When desert cliffs turn into waterfalls……….

Waterfalls and rivers in the middle of the desert?

Once or twice a year, the cliffs of the Judea and the Negev desert turn into beautiful, astonishing waterfalls.

When it is raining in the desert in Israel, the ground (Chavar in Hebrew) turn into a cement like substance that does not allow big amounts of water to percolate through it. The result is that vast amounts of water start to flow toward lower ground. Those waters quickly gather into streams and rivers and create this special phenomena of Shitafun שטפון, or flash flooding.

ALWAYS check the weather BEFORE hiking in the desert!                                                                   Even if it rains 30 miles from you and you have beautiful sunny skies above you, you could be tapped in a flash flood. In some of the canyons, the flood water can be as much as 12+ft tall.


The cliffs of the Judea desert during a flash flood. The water traveled all the way from the mountains of Jerusalem.



Safed Cheese

Deep in the old city of Safed, a city of mysticism in the upper Galilee, nestled Hameiri Cheese factory.


My family resided in Safed, or Tzefat in Hebrew, for generations. My father is of the 6th generation that lived in Tzefat צפת. Our family story is of a family that left Spain in 1492 due to the inquisition and decided to emigrate to Constantinople (Today’s Istanbul in Turkey). After many months of traveling, they reached the city and stayed there for a few years. But they wanted to be in the Holy land, so they packed their belongings and went out on a tiring and dangerous journey to Israel.  Once they reached Israel, they found Safed and its spirituality and decided to reside there for generations and generations. When you go and visit the Meiri Museum, please take a moment to located the Vovik or Toyster families and send me a picture.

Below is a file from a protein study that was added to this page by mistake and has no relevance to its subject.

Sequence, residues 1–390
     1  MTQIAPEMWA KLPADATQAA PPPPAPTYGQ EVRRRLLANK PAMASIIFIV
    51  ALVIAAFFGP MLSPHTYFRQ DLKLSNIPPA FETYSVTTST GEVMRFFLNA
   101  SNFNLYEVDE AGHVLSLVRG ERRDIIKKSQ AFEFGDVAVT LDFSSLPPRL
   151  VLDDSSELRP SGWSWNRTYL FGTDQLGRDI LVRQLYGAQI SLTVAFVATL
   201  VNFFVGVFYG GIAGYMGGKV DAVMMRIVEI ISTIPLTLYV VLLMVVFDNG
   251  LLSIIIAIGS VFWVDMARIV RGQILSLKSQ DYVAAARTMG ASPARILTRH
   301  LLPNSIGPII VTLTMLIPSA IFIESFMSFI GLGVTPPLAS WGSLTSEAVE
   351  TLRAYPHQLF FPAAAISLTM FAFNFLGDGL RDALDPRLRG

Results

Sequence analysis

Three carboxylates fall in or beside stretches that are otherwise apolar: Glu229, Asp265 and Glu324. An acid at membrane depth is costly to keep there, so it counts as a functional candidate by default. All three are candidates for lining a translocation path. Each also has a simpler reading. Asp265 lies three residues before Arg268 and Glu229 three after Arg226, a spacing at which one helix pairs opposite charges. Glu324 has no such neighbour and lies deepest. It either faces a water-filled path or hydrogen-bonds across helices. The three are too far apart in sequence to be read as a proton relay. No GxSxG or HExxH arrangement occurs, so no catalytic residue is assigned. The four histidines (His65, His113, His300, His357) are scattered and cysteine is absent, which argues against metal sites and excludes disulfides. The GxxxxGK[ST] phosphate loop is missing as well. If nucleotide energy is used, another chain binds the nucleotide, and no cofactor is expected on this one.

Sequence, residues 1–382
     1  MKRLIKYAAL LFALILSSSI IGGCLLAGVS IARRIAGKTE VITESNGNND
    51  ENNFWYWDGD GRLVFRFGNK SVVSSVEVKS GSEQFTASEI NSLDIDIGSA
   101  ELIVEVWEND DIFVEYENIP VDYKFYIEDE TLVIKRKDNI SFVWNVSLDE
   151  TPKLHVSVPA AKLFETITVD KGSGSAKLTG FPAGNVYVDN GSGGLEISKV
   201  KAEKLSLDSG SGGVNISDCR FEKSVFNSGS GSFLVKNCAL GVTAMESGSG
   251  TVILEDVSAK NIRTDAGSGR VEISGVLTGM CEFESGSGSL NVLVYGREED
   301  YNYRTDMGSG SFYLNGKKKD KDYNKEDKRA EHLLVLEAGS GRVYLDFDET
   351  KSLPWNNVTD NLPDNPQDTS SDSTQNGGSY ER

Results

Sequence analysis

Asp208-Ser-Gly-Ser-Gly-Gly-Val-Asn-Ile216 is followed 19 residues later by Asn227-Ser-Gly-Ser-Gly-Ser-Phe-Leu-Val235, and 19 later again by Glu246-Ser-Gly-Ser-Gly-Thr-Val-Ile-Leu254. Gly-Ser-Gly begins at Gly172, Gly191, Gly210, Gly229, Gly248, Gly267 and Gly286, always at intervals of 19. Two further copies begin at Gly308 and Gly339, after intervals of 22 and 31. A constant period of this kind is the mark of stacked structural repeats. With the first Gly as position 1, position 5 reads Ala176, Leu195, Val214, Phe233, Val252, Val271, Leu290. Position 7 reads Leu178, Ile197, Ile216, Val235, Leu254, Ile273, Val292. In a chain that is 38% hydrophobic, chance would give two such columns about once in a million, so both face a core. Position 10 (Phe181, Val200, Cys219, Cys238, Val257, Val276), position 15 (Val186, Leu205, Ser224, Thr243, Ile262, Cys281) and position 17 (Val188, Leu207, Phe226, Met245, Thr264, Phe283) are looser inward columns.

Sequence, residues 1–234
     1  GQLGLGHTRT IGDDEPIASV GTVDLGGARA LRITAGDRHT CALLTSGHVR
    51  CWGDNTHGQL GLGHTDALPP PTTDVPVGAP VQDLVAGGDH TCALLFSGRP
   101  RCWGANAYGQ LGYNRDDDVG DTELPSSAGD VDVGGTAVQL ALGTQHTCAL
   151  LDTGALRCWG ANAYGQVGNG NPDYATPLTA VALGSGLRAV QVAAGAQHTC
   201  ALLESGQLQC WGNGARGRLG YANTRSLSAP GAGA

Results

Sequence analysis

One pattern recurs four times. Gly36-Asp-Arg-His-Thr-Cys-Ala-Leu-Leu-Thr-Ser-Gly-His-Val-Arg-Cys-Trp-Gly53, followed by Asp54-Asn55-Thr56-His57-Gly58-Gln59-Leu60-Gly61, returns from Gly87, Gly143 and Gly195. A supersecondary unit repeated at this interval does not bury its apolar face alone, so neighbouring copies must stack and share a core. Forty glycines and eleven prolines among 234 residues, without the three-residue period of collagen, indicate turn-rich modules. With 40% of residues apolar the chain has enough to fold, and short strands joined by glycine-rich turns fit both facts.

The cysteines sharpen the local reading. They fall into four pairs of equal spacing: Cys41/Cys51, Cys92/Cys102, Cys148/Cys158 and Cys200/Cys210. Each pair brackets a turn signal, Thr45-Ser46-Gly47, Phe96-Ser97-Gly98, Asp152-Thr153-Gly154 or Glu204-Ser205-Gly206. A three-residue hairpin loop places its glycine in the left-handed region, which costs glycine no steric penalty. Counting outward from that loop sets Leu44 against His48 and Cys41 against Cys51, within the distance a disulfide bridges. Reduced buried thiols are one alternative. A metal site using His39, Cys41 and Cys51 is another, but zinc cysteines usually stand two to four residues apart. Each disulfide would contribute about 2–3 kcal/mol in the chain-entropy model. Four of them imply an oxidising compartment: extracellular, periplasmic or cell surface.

“My grandfather’s grandfather came here in 1840” Meir HaMeiri, the present proprietor of HaMeiri Cheese states “in the years after the tragic earthquake and subsequent Arab attacks almost destroyed the Jewish community. Emissaries were sent from Tzfat to Jewish communities throughout the world to find support for the decimated and discouraged Jewish community in Tzfat. When one of the emissaries arrived in Iran, my great-great grandfather announced that he would do more than send money to Tzfat….he would bring his family to live there!”

Meir HaMeiri, circa 1840, brought his family to Tzfat, and they moved into the building at the bottom of the Old City, just above the cemetery. There, Meir began to produce cheeses.

“Many villages copied our cheeses” today’s Meir HaMeiri said “but the HaMeiri Cheeses of Tzfat were the originals.” The dairy, HaMeiri Cheeses of Tzfat, uses sheep’s’ milk to produce their unique brand of delicious salty and smooth cheese, and the center is in the same building where it all began in 1840.



Shabbat Shalom – Nachlaot, Jerusalem

Nachlaot is one of Jerusalem’s most interesting areas. A cluster of neighborhoods in the center of the city, Nachlaot is characterized by its narrow, windy lanes, quaint, stone houses, and pretty, hidden-away courtyards, and was originally built in the 1870’s by Jews looking to escape the increasingly crowded and noisy Old City. In recent years, Nachlaot has grown to become one of Jerusalem’s most popular neighborhoods having been hugely gentrified over the past thirty or so years, and taking an hour or two to stroll through the streets, you can understand why.11800614_973388326017035_6385490663648572029_n